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April 15, 2019

4 reasons why your HoReCa business needs self-service kiosks and 3 ways to get them

With the rise of the omnichannel era, companies usually associated with offline services like hotels, cafes and restaurants have begun to enter into the world of new technologies. Self-service is one of the main drivers of this revolution, boosting sales and customer satisfaction, whilst  decreasing costs at the same time.



This trend hasn’t gone unnoticed. As the 2019 PYMNTS Retail Innovation Readiness Index states, 80% of food services providers see technical innovations as a competitive advantage. Interactive, self service kiosks are one of the main drivers of innovation and a relatively easy way to surf on the tech-wave that is currently going through the HoReCa industry.

According to the Transparency Market Research 2018 report, interactive kiosks are going to witness an annual growth rate of 7% each year to reach an astonishing $120 bln in 2026. The technology is widely seen in large restaurant chains with McDonalds being a trail-blazer and launching kiosks in 2015. The competition followed up, with AmRest, the CEE leader of QSR operators launching self-service kiosks in Kentucky Fried Chicken (KFC) restaurants in 2017.

There are at least two ways in which these kiosks are unique.

1. The rise of the self-service nation

 Self-service kiosks are a clear manifestation of the paradox hidden within the modern society - although the users are constantly engaged in social media and haunted with the Fear of Missing Out (FOMO), many users look for ways to avoid social interactions. According to the Ryan Buell’s research at Harvard Business School, many customers prefer tapping on the touchscreen over interacting with human staff. The younger the customer, the less willing to talk to a human he or she is. The people who “don’t like interacting with cashiers” make up 12% of Baby Boomers, 20% of Millennials and over 50% of Gen Z.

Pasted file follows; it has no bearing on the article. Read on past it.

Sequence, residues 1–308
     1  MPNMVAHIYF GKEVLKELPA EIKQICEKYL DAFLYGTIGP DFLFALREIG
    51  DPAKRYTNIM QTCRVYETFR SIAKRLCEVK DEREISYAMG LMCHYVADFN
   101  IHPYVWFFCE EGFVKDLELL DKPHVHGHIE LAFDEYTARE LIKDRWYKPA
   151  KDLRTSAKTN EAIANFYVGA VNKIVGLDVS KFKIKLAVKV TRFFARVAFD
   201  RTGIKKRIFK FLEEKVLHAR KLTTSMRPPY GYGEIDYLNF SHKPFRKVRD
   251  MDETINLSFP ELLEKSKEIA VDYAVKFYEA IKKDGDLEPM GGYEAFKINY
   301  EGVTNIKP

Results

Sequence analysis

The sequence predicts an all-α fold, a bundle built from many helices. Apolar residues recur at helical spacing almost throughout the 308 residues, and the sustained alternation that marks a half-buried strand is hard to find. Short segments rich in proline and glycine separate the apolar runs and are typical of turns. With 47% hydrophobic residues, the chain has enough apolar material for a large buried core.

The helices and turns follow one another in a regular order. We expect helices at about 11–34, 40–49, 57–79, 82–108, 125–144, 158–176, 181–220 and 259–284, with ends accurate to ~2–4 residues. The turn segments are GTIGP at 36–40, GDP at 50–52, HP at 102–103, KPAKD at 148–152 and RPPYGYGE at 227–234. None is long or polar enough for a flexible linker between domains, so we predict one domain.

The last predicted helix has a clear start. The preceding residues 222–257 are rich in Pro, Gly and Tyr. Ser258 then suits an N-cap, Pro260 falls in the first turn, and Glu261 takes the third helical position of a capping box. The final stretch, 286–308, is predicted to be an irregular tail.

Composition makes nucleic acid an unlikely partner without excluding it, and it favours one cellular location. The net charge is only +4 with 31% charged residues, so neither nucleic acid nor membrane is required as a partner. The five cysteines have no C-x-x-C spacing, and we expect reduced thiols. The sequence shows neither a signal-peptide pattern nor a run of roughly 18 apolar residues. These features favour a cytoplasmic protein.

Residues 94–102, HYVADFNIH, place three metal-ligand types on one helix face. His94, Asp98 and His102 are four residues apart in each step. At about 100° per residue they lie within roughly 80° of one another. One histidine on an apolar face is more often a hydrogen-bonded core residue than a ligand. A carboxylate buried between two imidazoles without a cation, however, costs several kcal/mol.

2. The boost of customer satisfaction      

Forcing the client to do things he or she doesn’t like is never a good idea, thus interactive self-service kiosks significantly boost the customer satisfaction. Apart from reducing the unwanted interactions with the staff, kiosks reduce total order time by 40%, effectively cutting the queues and improving the overall customer service quality. According the 2019 survey done by the IoT company, a better experience is reported by up to 76% of customers using kiosks

Moreover, in the dynamic world of the HoReCa business every improvement  to the speed of service speed is a competitive gain - as the Kellogs School of Management notes, even a 7 second reduction in service time boosts the company’s market share by up to 3%.

3. Sales rising with self-service kiosks

Contrary to the professional sellers intuition, interactive kiosks with no aggressive upselling techniques (would you like to buy some fries with that?) actually boost sales. There are at least three reasons that contribute to this effect.